Cruising With an Oceanview, Big Mistake

Now that our second cruise is in the books I’m compelled to report that we made a rookie mistake. We didn’t heed the past warnings of other cruisers and instead spotted a deal and went with it.

Now we must forever suffer the consequences of booking an Oceanview Room.

What’s the Big Deal?

When cruising with Royal Caribbean (our cruiseline of choice) you’re offered room options ranging from an inside room all the way to a suite with a balcony.

Of course, as you work your way up the ladder of choices you’re also working your way up the price scale so on our first cruise we were confident that we needed nothing more than an interior room.

Being on the interior of the ship means that there’s, obviously, no window to the outside and it’s also quite small. A gentleman on one of our tours affectionately referred to interior rooms as closets. I wouldn’t go that far, but it’s not a big stretch.

The thing is, in theory, and in practice for new cruisers, the interior room is a wise choice. With the wide variety of on-ship activities, aside from sleeping and getting ready you really shouldn’t be spending all that much time in your stateroom.

While cruising you can easily fill every minute of every day with an activity. And that’s even without leaving the boat at a port of call. A cruise is like a fire hose of activity, don’t worry about missing the bulk of the events happening because there’s no way you could possibly drink them all in.

So our expectations about an interior room fitting our needs was spot on for our first cruise. This time around however we spotted a last minute cruise deal and were afforded the opportunity to get an Oceanview Stateroom for less than an Interior.

This is where we shot ourselves in the foot. Having a view is nothing short of spectacular. Back when we were in an interior room on the Voyager of the Seas we had no idea what we were missing. We were blissfully ignorant and I’m sorry to say that we’ve now been enlightened. Now that we’ve experienced the upgraded room first hand, I don’t know if there’ll be any turning back.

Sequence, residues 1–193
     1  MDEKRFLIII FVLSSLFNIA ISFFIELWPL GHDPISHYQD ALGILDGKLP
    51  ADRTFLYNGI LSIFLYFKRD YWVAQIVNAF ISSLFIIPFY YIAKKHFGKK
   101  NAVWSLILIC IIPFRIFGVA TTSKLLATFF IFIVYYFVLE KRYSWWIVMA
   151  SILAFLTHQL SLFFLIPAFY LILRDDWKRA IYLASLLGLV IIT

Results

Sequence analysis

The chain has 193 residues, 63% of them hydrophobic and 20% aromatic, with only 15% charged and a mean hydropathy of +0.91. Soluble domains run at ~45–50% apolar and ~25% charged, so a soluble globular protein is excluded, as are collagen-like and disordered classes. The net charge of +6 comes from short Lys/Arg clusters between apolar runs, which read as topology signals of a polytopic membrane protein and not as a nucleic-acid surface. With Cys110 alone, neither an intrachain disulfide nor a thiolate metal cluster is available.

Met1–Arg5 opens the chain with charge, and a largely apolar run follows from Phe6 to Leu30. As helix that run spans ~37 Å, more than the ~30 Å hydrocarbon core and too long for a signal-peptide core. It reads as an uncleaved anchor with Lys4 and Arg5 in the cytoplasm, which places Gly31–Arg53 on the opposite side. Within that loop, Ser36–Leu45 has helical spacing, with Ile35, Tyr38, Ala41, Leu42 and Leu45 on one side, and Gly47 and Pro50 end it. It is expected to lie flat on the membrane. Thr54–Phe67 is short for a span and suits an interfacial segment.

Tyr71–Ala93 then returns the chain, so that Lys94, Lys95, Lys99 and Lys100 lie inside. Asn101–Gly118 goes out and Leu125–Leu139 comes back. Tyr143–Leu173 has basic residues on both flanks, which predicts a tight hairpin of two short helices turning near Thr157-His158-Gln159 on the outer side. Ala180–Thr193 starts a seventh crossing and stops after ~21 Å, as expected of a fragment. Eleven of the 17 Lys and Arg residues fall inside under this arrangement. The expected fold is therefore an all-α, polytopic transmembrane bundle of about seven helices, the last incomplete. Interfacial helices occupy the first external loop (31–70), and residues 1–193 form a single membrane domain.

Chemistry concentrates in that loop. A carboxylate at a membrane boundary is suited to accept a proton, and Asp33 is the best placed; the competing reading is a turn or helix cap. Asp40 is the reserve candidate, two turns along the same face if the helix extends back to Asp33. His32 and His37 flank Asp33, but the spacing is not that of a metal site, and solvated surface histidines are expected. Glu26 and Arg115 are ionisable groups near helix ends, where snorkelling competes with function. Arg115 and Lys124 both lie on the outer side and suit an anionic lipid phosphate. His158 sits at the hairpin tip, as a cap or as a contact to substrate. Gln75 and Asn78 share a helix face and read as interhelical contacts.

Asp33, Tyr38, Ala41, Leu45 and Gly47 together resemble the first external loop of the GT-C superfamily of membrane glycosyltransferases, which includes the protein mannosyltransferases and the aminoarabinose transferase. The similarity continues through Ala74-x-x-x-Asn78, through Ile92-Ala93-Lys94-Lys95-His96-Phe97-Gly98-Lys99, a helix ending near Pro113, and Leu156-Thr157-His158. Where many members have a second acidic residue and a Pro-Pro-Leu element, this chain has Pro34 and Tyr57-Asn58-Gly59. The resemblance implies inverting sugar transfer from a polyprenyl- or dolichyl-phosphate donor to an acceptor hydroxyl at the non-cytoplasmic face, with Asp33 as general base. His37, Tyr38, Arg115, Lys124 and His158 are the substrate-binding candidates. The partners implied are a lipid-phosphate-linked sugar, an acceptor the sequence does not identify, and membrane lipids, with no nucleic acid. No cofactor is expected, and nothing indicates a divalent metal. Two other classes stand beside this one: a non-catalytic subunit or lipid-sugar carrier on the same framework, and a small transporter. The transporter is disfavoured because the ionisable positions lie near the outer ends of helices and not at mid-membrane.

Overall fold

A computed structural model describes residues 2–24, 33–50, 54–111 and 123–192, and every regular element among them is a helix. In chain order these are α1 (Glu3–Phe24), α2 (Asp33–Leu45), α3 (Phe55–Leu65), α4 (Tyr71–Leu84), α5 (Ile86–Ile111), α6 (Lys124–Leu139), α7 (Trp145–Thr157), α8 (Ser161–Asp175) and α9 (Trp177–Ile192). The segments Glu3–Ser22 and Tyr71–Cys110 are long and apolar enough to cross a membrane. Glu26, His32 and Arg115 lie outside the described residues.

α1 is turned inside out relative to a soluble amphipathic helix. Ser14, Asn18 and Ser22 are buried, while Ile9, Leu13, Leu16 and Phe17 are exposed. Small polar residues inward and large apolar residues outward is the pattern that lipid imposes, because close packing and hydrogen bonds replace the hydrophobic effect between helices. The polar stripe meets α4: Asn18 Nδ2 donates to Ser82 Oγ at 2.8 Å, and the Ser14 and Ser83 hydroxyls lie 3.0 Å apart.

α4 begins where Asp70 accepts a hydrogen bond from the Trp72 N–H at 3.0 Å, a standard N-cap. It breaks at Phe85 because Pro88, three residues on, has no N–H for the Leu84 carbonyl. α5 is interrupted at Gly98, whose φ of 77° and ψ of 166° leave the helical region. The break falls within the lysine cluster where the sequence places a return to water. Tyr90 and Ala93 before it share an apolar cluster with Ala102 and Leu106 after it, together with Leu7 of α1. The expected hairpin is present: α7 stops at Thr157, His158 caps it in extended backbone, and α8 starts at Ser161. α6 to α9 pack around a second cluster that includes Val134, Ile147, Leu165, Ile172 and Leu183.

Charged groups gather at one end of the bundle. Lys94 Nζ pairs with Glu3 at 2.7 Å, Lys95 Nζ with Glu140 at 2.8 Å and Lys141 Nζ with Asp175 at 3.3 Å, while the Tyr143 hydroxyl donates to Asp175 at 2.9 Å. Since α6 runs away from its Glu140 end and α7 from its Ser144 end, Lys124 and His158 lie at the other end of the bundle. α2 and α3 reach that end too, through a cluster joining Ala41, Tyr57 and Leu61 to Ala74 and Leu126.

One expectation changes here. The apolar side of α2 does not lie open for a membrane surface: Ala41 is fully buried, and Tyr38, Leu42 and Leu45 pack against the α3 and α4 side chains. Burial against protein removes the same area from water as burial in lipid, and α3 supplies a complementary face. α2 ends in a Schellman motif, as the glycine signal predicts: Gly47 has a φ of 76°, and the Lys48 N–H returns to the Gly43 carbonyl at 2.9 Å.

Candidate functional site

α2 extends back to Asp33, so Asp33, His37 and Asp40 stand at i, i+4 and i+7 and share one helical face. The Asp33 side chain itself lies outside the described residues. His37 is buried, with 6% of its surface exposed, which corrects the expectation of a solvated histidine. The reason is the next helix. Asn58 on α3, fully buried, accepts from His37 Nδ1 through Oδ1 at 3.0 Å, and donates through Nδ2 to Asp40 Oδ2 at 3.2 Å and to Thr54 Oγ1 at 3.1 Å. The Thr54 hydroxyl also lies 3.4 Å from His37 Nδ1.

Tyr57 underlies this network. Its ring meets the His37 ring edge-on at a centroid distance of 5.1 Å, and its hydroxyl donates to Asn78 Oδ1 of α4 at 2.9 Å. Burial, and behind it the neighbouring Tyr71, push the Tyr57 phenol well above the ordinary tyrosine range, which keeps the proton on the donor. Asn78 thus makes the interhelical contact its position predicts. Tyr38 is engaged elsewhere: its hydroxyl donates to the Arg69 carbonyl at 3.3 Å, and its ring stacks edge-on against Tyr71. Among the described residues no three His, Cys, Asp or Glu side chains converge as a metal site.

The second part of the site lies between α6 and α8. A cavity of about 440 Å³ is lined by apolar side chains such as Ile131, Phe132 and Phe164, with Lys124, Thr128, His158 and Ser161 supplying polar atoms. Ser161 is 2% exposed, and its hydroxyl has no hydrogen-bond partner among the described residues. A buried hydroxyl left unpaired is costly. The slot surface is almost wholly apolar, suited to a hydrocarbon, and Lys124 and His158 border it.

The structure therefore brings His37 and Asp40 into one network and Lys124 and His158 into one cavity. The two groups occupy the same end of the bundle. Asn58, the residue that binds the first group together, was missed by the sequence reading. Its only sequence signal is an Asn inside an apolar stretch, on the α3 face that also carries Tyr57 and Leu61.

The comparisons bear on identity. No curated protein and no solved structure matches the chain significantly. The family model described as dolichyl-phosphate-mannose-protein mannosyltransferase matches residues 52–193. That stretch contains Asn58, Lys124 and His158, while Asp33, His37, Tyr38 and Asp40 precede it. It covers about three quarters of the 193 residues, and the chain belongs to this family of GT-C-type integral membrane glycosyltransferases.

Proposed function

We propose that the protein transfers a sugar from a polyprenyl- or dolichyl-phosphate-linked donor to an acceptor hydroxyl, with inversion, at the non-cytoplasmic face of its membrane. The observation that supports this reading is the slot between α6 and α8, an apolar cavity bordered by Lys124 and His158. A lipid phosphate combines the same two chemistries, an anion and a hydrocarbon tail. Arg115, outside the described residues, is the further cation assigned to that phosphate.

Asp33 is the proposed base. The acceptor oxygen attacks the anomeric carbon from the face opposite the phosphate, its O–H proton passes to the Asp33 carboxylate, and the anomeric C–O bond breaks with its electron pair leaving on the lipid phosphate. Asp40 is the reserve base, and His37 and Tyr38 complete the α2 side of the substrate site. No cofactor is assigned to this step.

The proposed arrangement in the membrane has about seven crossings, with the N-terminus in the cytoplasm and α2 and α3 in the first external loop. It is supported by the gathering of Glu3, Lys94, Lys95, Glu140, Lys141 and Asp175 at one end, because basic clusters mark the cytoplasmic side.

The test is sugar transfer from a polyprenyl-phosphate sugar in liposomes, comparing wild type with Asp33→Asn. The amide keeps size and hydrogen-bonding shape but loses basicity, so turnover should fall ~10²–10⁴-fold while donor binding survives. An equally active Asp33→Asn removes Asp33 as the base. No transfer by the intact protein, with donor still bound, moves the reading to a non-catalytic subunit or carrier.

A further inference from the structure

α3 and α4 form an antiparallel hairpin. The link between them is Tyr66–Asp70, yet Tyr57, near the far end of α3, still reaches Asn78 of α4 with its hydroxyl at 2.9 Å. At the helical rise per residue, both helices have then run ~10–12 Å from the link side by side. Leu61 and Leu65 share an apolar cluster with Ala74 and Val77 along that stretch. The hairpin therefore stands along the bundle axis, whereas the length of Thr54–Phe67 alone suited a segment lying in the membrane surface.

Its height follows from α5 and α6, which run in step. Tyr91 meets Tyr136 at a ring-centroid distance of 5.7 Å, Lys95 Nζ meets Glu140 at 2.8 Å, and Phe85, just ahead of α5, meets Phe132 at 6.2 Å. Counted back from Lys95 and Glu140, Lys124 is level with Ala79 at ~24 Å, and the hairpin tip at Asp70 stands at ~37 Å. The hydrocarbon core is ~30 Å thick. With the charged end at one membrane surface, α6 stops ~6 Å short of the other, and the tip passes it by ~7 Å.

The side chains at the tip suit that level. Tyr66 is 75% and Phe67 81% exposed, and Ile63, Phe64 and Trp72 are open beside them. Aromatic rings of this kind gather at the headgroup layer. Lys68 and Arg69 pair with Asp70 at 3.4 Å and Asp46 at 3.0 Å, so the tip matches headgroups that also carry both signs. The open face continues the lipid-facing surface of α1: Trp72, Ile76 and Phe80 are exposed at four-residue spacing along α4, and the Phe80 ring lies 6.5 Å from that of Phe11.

Now honestly we’ll still start all of our searches at the interior room level to find what the rates are, but I imagine it’s going to be quite a bit more challenging to actually revert back to our pre-roomwithaview days on future cruises.

Cruise Hacking?

There is a glimmer of hope when it comes to our newfound need to upgrade. There’s a Royal Caribbean Credit Card.

I’ve talked before about how we’ve earned a lot of Frequent Flyer Miles by signing up for and using credit cards with high mileage bonuses, well the Royal Caribbean card is much the same, albeit not as major of a signup bonus as we’re used to.

While on the cruise Marla signed up for the card and got the meager 10,000 point bonus. Even though we’ve gotten spoiled with much larger mileage bonuses lately our thought with this card is that whenever we cruise or book a cruise we’ll use this card to make all the purchases. This earns us 2 points (aka miles) per dollar spent with Royal Caribbean. While it will take quite a bit of spending to reach subsequent upgrades, the Interior to Oceanview upgrade is currently set at 15,000 points, which is only 5,000 points away. Yes $2500 is nothing to sneeze at, but we never look at earning miles as a goal, but an added bonus when we’re already spending the money.

Earning miles for free travel is excellent, but spending money just to earn miles, or in this case points, completely defeats the purpose.

Instead of waiting until the next cruise to earn the necessary points we could also look at it a different way. Say we know that we want to take a cruise next year, or in 2 years. We can simply shift a bit of our normal spending over to that card until we reach the needed 5,000 points to enjoy the upgrade.

Now I don’t know if I’d actually call it Cruise Hacking as we’re (so far) just sticking to the normal path to earning points on the card, but whether we end up using the card now in preparation for our next cruise, or waiting and earning more points on our cruise, the card will definitely be put to good use on an upcoming trip.

Sticking With Royal Caribbean

As I’ve said before, both of our cruises have been with Royal Caribbean. After a nice long chat with our travel agent prior to our first cruise we came to the conclusion that Royal Caribbean was the cruiseline for us. While I’m sure that others are quite good as well, we don’t have any plans to venture on to another brand of ships, which will play right into our use of the RC credit card.